Healthy eating may be trendy – but emotional purchases still play an important role
In a study published by the journal Food Quality and Preference , researchers compiled a list of keywords that were searched for particularly frequently in the first wave of the pandemic.

These researchers then sent out a questionnaire asking why they were buying these products more often than before the pandemic. For example, consumers gave the reasons for the word “chocolate”: “It cheers me up when I’m sad” or “It helps me deal with stress”. As you can see in the highlighted quadrant, consumers were more likely to resort to snacks and quick meals for emotional reasons. While healthy eating is on the rise this year, it seems that consumers are also concerned about the convenience that food brings them.

People who used to strictly refrain from snacks have now loosened the reins a little to weather the murky nature of the pandemic.

COVID-19 is making people cook at home again

Originally a reaction to necessity, over the course of the year home cooking has developed into a kind of hobby or interest. Aside from the closure of restaurants during the lockdown, other factors were also relevant:

  • Safety concerns about eating in public restaurants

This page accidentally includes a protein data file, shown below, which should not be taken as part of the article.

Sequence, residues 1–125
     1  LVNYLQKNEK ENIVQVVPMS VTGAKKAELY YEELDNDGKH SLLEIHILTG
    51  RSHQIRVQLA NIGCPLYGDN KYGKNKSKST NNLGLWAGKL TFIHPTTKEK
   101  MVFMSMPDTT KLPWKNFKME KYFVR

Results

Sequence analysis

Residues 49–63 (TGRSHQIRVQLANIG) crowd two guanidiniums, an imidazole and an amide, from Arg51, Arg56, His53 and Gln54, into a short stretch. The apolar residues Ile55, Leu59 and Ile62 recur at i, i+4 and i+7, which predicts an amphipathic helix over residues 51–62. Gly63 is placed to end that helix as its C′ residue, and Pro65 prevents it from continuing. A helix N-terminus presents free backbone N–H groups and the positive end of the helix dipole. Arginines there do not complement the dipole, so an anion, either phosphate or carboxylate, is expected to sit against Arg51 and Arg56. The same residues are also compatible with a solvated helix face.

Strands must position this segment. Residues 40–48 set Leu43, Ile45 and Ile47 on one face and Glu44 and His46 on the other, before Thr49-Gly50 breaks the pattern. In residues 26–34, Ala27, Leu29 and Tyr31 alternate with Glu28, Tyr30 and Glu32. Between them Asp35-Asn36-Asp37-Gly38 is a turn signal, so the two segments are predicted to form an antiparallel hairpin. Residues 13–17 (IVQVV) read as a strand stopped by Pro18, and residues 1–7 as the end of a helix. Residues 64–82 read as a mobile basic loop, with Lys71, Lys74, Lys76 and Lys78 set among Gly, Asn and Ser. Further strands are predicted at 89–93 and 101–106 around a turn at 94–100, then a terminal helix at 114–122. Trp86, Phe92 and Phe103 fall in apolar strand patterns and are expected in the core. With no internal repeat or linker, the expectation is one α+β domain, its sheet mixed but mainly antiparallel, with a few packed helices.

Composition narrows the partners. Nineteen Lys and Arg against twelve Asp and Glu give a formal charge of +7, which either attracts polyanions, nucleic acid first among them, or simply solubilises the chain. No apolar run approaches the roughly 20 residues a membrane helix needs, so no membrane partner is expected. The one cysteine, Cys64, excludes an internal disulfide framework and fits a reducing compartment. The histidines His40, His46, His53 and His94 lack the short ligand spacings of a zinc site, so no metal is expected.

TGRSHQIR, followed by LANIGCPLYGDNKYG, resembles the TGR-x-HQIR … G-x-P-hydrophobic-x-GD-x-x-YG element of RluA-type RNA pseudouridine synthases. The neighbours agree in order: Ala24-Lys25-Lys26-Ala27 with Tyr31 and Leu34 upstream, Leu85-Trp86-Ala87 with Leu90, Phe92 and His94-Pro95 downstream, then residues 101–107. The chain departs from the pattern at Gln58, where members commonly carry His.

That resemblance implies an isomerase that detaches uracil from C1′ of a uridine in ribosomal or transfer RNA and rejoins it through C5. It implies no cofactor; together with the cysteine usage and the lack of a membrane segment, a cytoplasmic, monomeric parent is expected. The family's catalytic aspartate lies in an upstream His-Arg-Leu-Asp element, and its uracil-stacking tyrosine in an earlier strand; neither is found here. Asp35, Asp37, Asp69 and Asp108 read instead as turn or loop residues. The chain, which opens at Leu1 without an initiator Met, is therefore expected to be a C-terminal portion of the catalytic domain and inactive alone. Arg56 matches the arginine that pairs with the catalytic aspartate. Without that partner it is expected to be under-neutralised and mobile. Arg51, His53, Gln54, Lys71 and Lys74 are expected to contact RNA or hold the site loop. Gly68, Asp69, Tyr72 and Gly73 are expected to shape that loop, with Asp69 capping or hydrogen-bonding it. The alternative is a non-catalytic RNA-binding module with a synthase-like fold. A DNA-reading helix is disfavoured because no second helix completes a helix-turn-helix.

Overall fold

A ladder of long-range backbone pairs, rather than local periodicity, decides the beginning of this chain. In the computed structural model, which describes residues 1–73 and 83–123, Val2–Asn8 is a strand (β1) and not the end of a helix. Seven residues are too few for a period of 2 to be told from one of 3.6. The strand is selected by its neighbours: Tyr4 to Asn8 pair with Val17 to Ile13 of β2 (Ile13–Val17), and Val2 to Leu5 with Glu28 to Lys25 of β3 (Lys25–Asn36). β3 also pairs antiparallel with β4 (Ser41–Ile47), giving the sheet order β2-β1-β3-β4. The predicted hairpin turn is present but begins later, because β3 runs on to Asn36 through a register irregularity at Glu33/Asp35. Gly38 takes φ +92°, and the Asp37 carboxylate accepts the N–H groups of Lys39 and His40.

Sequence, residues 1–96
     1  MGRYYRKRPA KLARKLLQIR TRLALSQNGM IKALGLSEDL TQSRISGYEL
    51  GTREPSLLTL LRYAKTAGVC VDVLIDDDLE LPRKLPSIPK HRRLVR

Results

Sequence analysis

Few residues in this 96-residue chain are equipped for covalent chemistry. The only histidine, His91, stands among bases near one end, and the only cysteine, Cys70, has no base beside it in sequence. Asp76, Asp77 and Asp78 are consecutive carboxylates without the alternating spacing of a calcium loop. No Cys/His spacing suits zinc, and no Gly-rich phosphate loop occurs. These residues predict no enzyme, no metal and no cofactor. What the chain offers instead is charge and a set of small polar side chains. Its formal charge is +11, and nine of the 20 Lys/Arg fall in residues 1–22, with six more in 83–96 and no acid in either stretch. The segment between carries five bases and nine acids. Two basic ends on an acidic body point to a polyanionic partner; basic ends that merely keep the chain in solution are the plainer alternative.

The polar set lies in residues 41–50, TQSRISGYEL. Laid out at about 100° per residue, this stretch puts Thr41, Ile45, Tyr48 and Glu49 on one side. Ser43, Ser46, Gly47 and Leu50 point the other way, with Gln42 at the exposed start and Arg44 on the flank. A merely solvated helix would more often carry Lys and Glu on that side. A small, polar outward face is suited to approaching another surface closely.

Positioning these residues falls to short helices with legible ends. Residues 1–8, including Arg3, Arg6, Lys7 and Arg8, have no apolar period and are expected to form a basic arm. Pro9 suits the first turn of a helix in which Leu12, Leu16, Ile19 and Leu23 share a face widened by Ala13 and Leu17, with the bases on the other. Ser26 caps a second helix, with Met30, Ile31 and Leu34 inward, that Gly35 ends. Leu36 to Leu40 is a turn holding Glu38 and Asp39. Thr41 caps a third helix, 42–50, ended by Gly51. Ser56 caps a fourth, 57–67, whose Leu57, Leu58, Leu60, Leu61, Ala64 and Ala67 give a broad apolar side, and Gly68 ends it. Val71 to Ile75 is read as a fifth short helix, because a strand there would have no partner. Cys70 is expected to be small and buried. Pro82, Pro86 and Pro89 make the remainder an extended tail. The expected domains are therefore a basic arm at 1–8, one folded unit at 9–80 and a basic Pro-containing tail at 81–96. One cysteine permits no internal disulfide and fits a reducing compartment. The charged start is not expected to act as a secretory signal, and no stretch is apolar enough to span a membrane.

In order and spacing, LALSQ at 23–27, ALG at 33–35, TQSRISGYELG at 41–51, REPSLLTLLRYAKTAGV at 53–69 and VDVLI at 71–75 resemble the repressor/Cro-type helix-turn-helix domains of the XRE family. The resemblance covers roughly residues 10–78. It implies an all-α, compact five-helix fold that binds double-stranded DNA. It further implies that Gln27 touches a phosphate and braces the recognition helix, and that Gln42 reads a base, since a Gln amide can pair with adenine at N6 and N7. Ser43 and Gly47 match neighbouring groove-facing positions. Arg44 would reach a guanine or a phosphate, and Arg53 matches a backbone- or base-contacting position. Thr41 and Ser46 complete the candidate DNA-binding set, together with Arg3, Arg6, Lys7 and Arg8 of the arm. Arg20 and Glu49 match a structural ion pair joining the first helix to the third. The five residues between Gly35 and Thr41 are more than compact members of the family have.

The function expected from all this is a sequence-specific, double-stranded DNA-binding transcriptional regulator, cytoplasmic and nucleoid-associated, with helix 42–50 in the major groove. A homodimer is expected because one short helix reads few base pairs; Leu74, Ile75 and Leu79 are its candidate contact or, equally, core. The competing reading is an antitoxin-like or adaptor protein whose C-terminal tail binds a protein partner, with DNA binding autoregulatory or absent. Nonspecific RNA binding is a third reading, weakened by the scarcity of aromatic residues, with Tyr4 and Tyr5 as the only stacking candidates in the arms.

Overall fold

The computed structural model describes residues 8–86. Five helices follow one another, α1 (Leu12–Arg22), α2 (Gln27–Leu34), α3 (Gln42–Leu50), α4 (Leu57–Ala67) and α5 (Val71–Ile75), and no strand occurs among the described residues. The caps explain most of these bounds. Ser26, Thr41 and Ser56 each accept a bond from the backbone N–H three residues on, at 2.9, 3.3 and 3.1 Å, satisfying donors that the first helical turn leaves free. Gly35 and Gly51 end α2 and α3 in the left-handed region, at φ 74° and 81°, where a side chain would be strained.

• No way to work, which means there’s no need to stop for a quick bite
  • Financial concerns as home cooking was significantly cheaper
  • Greater awareness of where the ingredients come from and how they are processed, as opposed to food from a restaurant

Understanding General interest in cooking

For many people – especially the younger generation – cooking has become a fun activity to fill up in time during lockdown. While cooking at home was initially an activity that needed to be done, it has now become a form of “pandemic management” of sorts. People had time to do proper research and prepare meals, which many were happy to do. In a survey conducted by Bloomberg , 43% of Generation Z respondents said they want to cook at home even after the pandemic. With this generation, Instagram and other social media platforms are very popular for finding interesting new recipes. Even families have generally felt more comfortable cooking at home – because it helped them more time together .

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Baking as the new stress reliever
Similar to cooking at home, baking has really picked up speed this time.

Yeast flew off the shelves like never before, with a 647 percent increase in yeast sales in the US in March. Canada showed similar statistics – sales soared there in the first few months as well. There were shortages of these ingredients in many countries around the world. Grocery stores sold out for several weeks before they could replenish their stocks.

The behavior around baking is similar to that of cooking: many consumers said they took up this activity to reduce stress . Perhaps even more tedious and time consuming than cooking, baking takes a lot of time and effort. Before the lockdown it was hard to come up with it. Sourdough starters, yeast levels, and dough kneading have enabled consumers to be productive. And that was something that many people longed for incredibly when they were cut off from their usual lives.

Comfort wins
Despite the COVID-19 crisis, this year people have learned to rely on comfort. Many have returned to nostalgic meals and delicacies, others have acquired interesting cooking and baking recipes. For the food industry, this trend was a clear win.